Conference brings validation to Partners

National gathering shows local group is headed in right direction

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The administration of Moffat County Partners recently returned from a national conference on mentoring programs, and returned rejuvenated about the mission, structure and style of its youth mentoring programs.

Moffat County Partners Executive Director Debi Landoll and case manager Tara Jenrich took part in the National Mentoring Summit in Denver on May 8 through May 10.

The event was sponsored by the Office of Juvenile Justice and Delinquency Prevention, which is part of the U.S. Department of Justice, the National Mentoring Center, and Colorado Mentoring, which is a program of the Governor's Commission on National and Community Service. These types of summits are annual events, but the event's location in Denver allowed for Landoll and Jenrich to participate.

"It was kind of a special event for us special in that it was in Colorado this year and that gave us the opportunity to participate," Landoll said. "It gave us a chance to compare the things we do, and look at what is being recommended by the National Mentoring Association."

The event gave Landoll and Jenrich renewed confidence that the work Moffat County Partners is doing now is effective and successful.

"We expected when we went down to find out we had so much to learn," Landoll said. "But the results and studies on what our program already is doing shows that our outfit is top notch. That is great to know because, just like any job, you're always wondering if you're doing good work. There are different styles, techniques, approaches to a job, and it's wonderful to know our programs are right on target.

"Moffat County Partners has provided group mentoring from our inception. We have seen positive results in the youth that participate in our group programs that come from adult volunteers working with youth during alternative activities. We are glad to finally have some data to support that program component."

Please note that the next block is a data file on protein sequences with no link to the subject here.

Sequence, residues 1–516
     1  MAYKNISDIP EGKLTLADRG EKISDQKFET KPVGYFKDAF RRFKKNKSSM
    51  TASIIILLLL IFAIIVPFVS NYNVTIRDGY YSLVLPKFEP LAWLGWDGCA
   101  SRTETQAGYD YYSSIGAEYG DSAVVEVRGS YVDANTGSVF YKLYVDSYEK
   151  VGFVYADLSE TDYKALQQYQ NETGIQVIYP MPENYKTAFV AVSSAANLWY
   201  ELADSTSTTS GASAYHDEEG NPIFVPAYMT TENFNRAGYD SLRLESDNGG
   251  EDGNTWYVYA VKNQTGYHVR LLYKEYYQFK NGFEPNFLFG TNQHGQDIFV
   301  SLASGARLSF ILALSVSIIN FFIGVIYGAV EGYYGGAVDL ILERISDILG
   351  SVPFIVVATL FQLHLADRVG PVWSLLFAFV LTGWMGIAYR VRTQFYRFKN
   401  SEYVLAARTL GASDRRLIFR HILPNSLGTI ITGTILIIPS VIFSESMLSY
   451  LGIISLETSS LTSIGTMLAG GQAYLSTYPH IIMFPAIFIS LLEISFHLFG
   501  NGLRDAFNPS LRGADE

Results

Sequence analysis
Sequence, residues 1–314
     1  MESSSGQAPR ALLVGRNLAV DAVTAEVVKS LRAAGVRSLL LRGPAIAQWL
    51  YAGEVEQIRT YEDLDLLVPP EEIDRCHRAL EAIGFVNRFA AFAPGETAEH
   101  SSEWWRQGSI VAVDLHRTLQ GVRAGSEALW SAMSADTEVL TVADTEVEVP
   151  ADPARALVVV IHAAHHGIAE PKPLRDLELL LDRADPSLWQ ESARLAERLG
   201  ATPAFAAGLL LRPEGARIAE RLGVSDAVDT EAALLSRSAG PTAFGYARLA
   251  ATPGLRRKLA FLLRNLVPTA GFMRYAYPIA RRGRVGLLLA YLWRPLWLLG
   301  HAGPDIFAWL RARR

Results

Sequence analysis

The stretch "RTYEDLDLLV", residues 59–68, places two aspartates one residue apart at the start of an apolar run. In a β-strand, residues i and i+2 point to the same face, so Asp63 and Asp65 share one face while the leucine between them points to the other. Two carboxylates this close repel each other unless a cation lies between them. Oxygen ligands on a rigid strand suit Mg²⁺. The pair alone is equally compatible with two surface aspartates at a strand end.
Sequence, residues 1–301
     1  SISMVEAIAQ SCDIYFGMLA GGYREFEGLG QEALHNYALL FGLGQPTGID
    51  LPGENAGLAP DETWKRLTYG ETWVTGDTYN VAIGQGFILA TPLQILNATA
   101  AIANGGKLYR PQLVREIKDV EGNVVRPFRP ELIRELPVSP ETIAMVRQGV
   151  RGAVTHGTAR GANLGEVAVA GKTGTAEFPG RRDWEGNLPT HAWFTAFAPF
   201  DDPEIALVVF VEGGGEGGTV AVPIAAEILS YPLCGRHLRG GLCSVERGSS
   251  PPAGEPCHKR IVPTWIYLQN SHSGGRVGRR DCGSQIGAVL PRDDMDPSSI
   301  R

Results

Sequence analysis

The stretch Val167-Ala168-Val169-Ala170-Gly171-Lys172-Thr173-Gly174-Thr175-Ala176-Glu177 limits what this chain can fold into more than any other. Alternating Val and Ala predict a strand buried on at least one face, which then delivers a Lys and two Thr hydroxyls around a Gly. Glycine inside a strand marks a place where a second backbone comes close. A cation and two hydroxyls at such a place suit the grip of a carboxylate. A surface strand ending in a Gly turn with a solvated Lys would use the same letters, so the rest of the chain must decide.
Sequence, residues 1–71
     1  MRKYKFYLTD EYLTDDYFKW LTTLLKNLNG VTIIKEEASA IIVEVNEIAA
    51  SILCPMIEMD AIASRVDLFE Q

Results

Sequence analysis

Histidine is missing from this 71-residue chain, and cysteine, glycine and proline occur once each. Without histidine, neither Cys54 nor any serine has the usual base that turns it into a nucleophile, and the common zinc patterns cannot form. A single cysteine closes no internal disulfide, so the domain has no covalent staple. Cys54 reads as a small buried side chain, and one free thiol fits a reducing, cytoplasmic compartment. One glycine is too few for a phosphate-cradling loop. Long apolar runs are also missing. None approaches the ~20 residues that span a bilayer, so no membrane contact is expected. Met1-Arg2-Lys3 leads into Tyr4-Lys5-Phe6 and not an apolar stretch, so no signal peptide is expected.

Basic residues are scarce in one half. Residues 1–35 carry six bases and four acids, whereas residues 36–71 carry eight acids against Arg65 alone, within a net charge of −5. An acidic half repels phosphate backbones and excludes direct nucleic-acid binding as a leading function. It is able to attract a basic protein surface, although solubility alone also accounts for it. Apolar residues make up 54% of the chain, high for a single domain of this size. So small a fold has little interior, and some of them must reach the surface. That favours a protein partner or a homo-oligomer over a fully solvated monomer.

Partners' goal is to provide a safe and educational environment for at-risk youths through mentoring relationships, activities and group involvement. The program has operated in Craig since 1998.

According to Landoll, several different areas of mentoring programs and their administration were discussed and studied at the summit. The advanced program development included the "Strengthening Mentoring Programs" curriculum that covers mentor recruitment and screening, matching and supporting mentors and "mentees," and measuring outcomes.

The components of the summit on recruitment, stress management and creating a supportive atmosphere for both mentors and their charges were especially effective, Jenrich said.

"I think the discussions on recruitment of new volunteers to be mentors, and stress management and burnout were really valuable," Jenrich said. "Those are things we have to be able to handle."

Discussions on the daily operation of a mentoring program, and the planning, resource development, grant writing, and creating visible responsibilities of an organization where held. The summit offered ideas on marketing, developing relationship, fund-raising activities and using data for sustainability efforts, Landoll said.

"Mentoring is a hot term right now and we see those words used in connection with a lot of different programs, activities or events provided in our community but trained mentors are a program necessity," Landoll said. "There needs to be a structured, scientific-based, trained mentoring program in place. And now we know we have that.

"There is a misperception that anyone can be a mentor. But without the necessary training and structure provided by programs like Partners, these 'mentors' can end up doing much more harm than good."

Landoll said the Craig community is fortunate to have a community-based mentoring program because there are only 60 communities in the state of Colorado that currently provide mentoring programs.

For more information about Moffat County Partners, call 826-4261 or visit the office at 439 Breeze St.

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